THE McLAIN AFFAIR
The unhappy revelation that Pitcher Denny McLain was a partner in a bookie operation dominated by mobsters (page 16) is not a story we take pleasure in printing. Professional sport lives on the confidence of its audience, and exposing ugly facts may momentarily shake that confidence; but trying to hide them would destroy it.
A professional athlete can be a swinger, let his hair grow in profusion, wear wild clothes, do his own thing, flout staid and established conventions. But through it all, if he is to maintain his authority as an athlete, he can never forget his responsibility to his job—to his club, to his teammates, to his game. To some this may seem naive, old fashioned and square. Too bad. That's the way it is.
Chicago's high school athletic association is in danger of dissolving in a welter of brawls, disturbances and postgame riots. The 55-member league has had trouble finding a place to hold its basketball playoffs. DePaul University and Northwestern won't allow their gyms to be used because of disturbances in recent years, and Illinois Tech and the University of Chicago balked, too. The International Amphitheater doesn't have available dates, and the Chicago Stadium rental of $5,000 per day is too costly. School officials finally settled for the old Navy Pier gym, where the games will be played under police guard before a screened crowd.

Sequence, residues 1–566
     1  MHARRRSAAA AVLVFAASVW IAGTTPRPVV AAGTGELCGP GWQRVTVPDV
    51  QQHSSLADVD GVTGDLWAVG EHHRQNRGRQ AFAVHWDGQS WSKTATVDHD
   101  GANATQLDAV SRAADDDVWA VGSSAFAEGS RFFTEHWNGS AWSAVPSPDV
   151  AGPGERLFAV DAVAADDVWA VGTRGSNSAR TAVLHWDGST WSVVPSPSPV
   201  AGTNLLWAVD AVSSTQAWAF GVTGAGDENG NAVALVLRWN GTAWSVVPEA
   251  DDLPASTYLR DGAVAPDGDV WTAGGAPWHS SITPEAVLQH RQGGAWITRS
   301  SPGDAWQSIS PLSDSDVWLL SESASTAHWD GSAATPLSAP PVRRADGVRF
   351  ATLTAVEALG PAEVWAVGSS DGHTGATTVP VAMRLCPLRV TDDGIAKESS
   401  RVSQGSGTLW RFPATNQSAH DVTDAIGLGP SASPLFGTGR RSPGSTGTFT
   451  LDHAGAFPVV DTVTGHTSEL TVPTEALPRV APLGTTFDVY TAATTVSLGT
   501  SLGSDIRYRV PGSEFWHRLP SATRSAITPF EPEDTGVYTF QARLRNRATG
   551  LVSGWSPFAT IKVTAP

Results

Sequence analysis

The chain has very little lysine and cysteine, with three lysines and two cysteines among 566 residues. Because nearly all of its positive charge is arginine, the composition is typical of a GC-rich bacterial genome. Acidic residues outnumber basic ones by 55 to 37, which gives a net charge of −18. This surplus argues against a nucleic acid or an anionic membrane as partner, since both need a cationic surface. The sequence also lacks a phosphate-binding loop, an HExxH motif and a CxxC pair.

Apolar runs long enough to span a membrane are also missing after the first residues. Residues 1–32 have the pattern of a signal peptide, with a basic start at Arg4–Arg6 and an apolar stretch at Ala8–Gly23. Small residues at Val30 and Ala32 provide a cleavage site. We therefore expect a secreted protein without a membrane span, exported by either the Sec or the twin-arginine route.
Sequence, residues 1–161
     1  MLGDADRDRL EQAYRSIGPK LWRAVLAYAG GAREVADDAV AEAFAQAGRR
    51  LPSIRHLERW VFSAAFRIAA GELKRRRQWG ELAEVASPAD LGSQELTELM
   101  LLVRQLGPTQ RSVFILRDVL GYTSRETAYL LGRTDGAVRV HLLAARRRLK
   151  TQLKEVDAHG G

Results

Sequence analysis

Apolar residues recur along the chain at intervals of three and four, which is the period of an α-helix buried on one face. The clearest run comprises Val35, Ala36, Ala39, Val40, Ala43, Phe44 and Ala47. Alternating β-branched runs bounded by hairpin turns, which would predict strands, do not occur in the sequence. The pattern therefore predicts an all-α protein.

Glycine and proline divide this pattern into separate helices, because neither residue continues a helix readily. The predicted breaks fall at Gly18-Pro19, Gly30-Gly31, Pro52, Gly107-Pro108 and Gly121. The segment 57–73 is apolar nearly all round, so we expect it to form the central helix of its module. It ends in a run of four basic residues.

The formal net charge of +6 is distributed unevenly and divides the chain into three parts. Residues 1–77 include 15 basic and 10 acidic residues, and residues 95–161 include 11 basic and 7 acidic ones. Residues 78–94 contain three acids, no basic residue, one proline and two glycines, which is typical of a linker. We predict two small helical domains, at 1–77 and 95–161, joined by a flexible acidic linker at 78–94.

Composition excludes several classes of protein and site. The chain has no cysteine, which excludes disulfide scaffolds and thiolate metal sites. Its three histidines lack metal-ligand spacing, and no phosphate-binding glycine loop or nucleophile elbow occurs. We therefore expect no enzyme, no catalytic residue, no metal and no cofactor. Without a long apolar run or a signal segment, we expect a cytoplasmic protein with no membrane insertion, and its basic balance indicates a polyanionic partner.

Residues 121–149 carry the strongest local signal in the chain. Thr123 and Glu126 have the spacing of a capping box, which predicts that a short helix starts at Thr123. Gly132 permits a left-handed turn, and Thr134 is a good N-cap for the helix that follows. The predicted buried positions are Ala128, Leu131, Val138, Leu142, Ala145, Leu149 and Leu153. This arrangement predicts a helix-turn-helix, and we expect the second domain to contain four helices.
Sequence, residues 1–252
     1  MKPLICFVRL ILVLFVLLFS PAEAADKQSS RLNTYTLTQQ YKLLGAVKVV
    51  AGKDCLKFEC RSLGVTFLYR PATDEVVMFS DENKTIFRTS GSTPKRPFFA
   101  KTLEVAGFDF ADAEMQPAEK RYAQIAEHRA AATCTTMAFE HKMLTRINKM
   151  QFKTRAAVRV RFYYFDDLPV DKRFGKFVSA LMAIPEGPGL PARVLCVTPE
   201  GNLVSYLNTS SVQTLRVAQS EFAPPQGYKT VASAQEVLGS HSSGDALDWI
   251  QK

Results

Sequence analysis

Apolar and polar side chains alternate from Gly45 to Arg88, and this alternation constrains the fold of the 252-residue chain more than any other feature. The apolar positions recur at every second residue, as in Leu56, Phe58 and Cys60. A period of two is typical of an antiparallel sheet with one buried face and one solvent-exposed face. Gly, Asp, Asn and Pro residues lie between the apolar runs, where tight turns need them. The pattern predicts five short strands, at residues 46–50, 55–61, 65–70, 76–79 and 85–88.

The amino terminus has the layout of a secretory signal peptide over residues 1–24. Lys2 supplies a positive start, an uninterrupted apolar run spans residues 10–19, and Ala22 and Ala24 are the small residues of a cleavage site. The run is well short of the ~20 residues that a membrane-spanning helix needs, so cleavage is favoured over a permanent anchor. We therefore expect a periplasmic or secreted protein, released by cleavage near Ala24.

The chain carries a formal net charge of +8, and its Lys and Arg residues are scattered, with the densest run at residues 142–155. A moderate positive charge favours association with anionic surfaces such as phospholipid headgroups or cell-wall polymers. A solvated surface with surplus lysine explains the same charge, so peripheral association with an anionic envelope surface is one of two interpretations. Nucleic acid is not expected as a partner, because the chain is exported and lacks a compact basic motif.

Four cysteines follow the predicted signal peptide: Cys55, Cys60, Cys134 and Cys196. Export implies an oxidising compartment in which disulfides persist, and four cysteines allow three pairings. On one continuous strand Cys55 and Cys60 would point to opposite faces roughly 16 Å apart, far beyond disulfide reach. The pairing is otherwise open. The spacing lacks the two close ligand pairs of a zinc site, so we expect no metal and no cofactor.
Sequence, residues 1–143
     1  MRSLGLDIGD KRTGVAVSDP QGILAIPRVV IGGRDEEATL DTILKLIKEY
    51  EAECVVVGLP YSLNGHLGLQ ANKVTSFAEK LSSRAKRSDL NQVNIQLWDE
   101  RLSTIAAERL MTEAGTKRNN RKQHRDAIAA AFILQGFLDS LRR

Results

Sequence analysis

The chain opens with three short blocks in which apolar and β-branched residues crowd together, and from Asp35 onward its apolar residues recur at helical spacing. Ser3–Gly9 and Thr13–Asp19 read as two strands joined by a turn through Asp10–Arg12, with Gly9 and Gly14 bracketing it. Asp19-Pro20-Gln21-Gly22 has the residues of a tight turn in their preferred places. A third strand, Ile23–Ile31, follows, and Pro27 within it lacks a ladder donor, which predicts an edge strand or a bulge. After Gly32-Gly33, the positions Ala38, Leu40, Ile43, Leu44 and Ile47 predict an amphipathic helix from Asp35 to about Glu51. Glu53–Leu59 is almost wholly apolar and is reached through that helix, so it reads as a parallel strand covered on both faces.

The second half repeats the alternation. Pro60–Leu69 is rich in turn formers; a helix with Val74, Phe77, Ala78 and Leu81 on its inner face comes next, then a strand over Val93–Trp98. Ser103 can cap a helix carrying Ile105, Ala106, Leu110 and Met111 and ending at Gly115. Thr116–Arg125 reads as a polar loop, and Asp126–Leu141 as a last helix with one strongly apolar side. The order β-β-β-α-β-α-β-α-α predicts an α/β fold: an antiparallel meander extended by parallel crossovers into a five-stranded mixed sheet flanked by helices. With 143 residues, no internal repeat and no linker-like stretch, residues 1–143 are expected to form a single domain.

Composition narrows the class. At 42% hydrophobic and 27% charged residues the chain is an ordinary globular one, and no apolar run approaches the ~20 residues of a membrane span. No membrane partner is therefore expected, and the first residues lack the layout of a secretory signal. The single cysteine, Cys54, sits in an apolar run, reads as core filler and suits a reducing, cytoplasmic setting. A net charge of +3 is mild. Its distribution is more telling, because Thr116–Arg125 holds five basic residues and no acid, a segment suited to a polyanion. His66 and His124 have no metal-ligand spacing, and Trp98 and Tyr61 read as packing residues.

One bright spot in the gloomy picture came when Farragut met Crane Tech in a critical game. Just before the opening whistle Guido Marchetti, the Farragut football coach and athletic director, walked to center court and blew a whistle for silence. The kids yelled and hooted and grumbled before they slowly quieted down. When he finally had their attention Marchetti said, "You know what's been going on in this league. If it continues, we may not have any sports in this league in the future. If you don't behave like ladies and gentlemen today we will not allow spectators in this gym for any game the rest of the season. It's entirely up to you."
He marched off. The kids cheered and applauded. And there were no incidents during or after the game.
One interscholastic sport you may not be following closely is meat judging, which is promoted by the National Livestock and Meat Board in Chicago. The board annually sponsors four meat-judging contests for collegians, with the big one held at the end of the year. Contestants are usually animal-science majors (including girls) who plan to become meat buyers, research specialists with meat-packing plants or teachers. Winners usually do very well in industry after graduation.
The judges, who are animal-science professors, meat packers and specialists from the Department of Agriculture, secretly grade carcasses and wholesale cuts of beef, pork and lamb according to Department of Agriculture standards: prime, choice, good, etc. They also rate them for "cutability," the yield of lean meat that might be expected from each carcass. The contestants are then let loose on the meat, and those whose classifications come closest to those of the judges carry home the bacon.